If we read the scriptures, and receive them as the word of the living God, we shall rely on every discovery therein made “ as a faithful saying, and worthy of all acceptation.” If also we read them with the sincere intention of knowing our duty, we shall be instructed in every obligation required of us, and taught what is well-pleasing in the sight of God. By them also inay we understand the privileges and consolations which are the inheritance of the righteous, with the awful doom of the ungodly and impenitent. By reading them daily, we may be induced by the motives and sanctions they contain, to lead the life of the righteous," that our latter end
“ that our latter end may be peace.” From them we may be furnished with constant subjects of contemplation for our understandings, and of exercise for our dispositions and affections, till we be renewed in the spirit of our minds, and prove what is the good and acceptable, and perfect will of God. Let us then search the scriptures, for therein we shall find directions for the attainment of everlasting life, and by their admonitions be made wise unto salvation.
ON PUBLIC WORSHIP, ,
HEB. X. 25. Not forsaking the assembling of yourselves together
as the manner of some is.
IT is a wise appointment in the Christian church, that one day in seven has been set apart for the purpose of religious instruction ; and that men, duly qualified for performing this office, are ordained “to the work of the ministry, for the edification of the body of Christ.” Places for the public worship of God have been erected, in which the faithful may meet together for joining in acts of devotion; and receiving information respecting those truths which are able to make them wise unto salvation. Great are the advantages of the institutions for the service of the sanctuary, and every religious man will be ready to acknowledge with the pious David : "how amiable are thy tabernacles, O Lord of Hosts! a day in thy courts is better than a thousand spent in the tents of wiekedness.” Highly have the opportunities afforded by the Christian sabbath, for waiting upon God, been esteemed by every one who wished to improve in knowledge, and grow in grace; and as long as people are careful to frequent the assemblies of the saints, they will maintain upon their minds a sense of religion, and be stirred up to the practice of holiness. The lessons of instruction which are there communicated, will teach them at least the knowledge of their duty, and if they be duly attentive to treasure them up in their hearts, will excite them to love and to good works. The external services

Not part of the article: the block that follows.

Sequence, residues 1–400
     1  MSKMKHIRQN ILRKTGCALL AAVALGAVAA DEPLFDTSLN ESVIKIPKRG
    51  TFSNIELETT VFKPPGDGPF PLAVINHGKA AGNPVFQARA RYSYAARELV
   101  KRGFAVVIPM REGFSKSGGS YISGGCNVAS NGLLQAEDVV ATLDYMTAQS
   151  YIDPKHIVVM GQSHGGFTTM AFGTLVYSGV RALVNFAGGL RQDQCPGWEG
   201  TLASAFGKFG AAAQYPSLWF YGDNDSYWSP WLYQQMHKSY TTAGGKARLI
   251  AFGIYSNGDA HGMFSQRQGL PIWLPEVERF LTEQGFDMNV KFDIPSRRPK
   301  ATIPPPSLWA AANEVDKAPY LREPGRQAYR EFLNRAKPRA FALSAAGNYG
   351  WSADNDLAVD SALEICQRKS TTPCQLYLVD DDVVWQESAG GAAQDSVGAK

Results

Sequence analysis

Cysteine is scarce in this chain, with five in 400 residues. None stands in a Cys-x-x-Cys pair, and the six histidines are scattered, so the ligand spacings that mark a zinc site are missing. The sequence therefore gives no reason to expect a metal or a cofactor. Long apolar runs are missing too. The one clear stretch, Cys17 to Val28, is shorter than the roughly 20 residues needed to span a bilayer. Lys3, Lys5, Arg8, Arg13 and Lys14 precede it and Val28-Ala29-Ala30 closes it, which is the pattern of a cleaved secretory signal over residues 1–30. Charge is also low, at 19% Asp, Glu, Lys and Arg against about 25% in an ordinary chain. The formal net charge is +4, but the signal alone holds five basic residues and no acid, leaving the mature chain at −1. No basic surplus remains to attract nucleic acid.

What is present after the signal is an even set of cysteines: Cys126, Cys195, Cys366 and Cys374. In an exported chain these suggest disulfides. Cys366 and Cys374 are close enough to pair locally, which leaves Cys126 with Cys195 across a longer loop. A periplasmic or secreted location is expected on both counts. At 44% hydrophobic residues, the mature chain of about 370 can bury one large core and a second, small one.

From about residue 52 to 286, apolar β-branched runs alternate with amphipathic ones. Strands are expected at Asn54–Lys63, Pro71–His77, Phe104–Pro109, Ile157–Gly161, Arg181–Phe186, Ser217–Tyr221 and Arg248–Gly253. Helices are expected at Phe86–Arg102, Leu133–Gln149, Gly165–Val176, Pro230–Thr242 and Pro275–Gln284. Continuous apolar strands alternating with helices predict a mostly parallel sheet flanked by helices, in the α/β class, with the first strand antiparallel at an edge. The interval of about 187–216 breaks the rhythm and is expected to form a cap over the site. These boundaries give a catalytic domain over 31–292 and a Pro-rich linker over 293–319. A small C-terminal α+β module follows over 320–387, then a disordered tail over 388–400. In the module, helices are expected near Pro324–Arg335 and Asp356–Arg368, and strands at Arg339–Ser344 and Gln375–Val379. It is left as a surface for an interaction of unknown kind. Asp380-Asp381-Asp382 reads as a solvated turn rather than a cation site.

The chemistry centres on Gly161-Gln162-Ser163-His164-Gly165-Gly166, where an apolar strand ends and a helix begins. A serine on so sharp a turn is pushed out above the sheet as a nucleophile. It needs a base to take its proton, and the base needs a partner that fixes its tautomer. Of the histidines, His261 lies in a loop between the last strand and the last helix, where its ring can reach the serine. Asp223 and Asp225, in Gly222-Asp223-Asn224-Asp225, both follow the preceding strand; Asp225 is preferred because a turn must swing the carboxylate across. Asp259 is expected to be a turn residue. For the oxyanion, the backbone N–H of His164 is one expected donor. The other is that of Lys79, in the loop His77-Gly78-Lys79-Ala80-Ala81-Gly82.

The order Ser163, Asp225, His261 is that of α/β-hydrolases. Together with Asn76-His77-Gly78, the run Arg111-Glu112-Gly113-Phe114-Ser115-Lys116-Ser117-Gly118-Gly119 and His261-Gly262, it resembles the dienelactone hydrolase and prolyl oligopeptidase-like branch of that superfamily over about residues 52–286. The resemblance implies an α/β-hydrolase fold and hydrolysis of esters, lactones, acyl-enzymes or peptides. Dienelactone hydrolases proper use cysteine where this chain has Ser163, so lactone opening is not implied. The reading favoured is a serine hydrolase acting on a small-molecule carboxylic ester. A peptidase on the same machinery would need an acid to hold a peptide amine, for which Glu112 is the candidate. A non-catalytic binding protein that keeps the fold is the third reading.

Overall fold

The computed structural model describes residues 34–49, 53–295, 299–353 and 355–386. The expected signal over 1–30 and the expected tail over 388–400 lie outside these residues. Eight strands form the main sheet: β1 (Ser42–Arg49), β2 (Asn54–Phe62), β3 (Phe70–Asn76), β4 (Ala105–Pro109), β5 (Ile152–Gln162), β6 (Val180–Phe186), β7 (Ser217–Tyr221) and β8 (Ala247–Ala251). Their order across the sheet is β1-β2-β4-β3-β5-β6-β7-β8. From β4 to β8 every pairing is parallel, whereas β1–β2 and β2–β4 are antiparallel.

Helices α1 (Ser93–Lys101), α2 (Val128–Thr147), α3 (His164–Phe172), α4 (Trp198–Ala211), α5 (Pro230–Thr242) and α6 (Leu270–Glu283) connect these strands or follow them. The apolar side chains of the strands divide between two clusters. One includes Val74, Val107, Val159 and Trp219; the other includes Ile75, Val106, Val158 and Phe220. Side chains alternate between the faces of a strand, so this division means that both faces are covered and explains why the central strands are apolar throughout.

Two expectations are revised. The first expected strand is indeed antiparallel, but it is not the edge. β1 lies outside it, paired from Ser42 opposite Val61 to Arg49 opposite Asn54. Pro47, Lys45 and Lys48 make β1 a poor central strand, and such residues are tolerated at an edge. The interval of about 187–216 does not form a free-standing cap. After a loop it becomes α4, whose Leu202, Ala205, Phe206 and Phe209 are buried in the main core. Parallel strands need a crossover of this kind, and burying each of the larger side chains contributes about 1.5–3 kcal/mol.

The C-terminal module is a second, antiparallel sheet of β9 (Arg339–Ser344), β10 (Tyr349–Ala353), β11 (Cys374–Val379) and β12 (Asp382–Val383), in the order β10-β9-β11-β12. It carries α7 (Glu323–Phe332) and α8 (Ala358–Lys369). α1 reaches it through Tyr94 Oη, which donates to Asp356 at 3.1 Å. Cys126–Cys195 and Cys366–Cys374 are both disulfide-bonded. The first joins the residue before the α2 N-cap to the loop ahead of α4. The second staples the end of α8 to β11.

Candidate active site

which Christianity prescribes, have hitherto supported the public profession of it among mankind; and been accompanied with the divine blessing for the conversion of sinners, and building up the saints in their most holy faith.
If such are the beneficial consequences of a due improvement of the services enjoined on the Christian sabbath ; is it not wonderful that many who profess to believe the gospel, and expect to share in the blessings which it promises, can from week to week forsake the assemblies of the faithful under the most frivolous pretences, and thus neglect the most precious seasons for confirming their faith, strengthening their virtue, and exciting their obedience ? Many will spend the sabbath at home in the most useless and unprofitable manner, when they might as easily convene in the house of God, and hear the words of everlasting life. This practice, to the credit of the people in our country, is not yet general; and every one who wishes to secure the favour of God and man, still deems it his duty to go to the sanctuary of God, and inquire in his temple. They will profit by engaging in its sacred offices; and may hope to obtain the blessing from on high, for the respect which they pay to the worship of their Maker. But there are not a few who care for none of these things; who absent themselves, if not regularly, at least very frequently, for no valid excuse; and thus receive no advantage from the public services and instructions, which are the appointed means of religious improvement.
Some may allege, that they are already sufficiently informed on every topic which can be discussed in a religious discourse, and therefore it is in vain to spend their time in attendance on the sanctuary. But let such persons consider, that it is not so much with the intention of learning new truths,' as of impressing those already known more deeply on their minds, that they should come up hither, and join in the solemn exercises of prayer and praise to the Father of their spirits.-Others may excuse themselves, that the preacher does not render his instructions useful; that either the subject is uninte